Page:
Note about Newt

            Just a note about Newt. 

            In 1993 a fine portrait artist who hadn’t been starving since the age of 19, Alan, I’ll call him, came to Pittsburgh to photograph and draw me for the cover of a book, Taking Hold: My Journey into Blindness.  He was lovely and funny and interesting, stayed for two hours max, and drove all the way,half-flying, back to New York City.  My editor had told him to paint me “looking strong,” so we’d joked about me holding weights and sneering.  About a year later I received that portrait in the mail, about 3 feet by 2 feet, as a gift from Alan.  People always compliment it, hanging in our dining room.  They  say that I “look pensive and strong.  My husband loves it and explains that I “look determined, as if I’m facing third down and 17 and I’m hell-bent to get the first down.” 

            It’s very uncommon to get a cover illustration or any illustration from an artist for free, and rightly so.  I’ve bought several originals from my picture books and am very pleased.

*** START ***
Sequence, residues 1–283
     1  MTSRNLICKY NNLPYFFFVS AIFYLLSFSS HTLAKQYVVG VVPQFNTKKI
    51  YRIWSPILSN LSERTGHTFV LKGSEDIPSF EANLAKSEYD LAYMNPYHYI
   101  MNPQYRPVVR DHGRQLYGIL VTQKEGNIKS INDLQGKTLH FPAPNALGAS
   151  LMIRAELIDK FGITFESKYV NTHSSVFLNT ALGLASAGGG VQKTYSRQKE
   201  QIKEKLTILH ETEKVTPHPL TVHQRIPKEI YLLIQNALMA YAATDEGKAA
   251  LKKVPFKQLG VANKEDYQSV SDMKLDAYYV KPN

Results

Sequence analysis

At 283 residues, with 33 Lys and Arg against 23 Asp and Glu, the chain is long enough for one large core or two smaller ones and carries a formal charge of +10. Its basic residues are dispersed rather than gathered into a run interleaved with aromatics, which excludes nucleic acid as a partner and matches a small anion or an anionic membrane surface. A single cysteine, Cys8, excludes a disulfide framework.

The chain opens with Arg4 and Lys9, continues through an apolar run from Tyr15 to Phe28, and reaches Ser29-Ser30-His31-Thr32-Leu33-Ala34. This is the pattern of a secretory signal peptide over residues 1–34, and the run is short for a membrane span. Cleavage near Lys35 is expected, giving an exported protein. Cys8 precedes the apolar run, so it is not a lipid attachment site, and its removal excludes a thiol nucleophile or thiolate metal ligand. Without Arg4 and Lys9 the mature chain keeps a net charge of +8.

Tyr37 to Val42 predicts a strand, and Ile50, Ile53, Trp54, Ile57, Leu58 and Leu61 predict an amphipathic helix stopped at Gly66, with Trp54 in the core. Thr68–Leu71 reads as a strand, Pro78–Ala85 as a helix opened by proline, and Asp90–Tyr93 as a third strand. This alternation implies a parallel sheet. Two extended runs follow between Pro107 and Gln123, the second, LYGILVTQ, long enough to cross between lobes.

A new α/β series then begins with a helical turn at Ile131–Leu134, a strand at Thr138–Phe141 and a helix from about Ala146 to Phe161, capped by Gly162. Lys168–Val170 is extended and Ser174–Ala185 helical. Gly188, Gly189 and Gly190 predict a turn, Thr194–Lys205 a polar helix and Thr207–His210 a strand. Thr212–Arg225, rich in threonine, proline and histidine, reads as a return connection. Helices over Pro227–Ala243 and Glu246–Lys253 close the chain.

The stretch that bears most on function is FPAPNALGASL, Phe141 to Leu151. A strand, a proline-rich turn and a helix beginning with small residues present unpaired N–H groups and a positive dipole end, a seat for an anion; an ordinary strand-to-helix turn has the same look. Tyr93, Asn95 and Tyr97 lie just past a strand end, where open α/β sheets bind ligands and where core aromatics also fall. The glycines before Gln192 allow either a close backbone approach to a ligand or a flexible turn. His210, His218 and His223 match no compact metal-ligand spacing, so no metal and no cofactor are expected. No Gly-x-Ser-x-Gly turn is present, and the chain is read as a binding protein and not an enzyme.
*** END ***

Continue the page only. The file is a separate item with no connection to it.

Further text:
When I called to thank Alan for his touching gift, he told me that I’d been “an easy client.”  He’d just painted a portrait of newt.  By now Newt had become Speaker of the House in the coup he’d orchestrated. 

            First,” Alan said, “he asked me to repaint it to get rid of his crows’ feet, and then he asked me to get rid of the double chin.”

            Easy to be  “easy” when you can’t see how someone paints you.

 

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About Sally Hobart Alexander

Blinded at the age of twenty-six, I left California and elementary school teaching for life in Pittsburgh, Pa. There, I met my husband, got a Masters' degree in social work, had two kids, now 35 and 32, and became a writer. Surprisingly, the writing career led me full-circle to teaching, and I teach in Chatham University's M.F.A. program and lead two writing critique groups. Always, since the age of 26, I have traveled, not in the stereotypic darkness attributed to blindness, but a mist. My blog then, "traveling through the mist" will deal with issues in my culturally different life as a blind writer, teacher, speaker, and human being.
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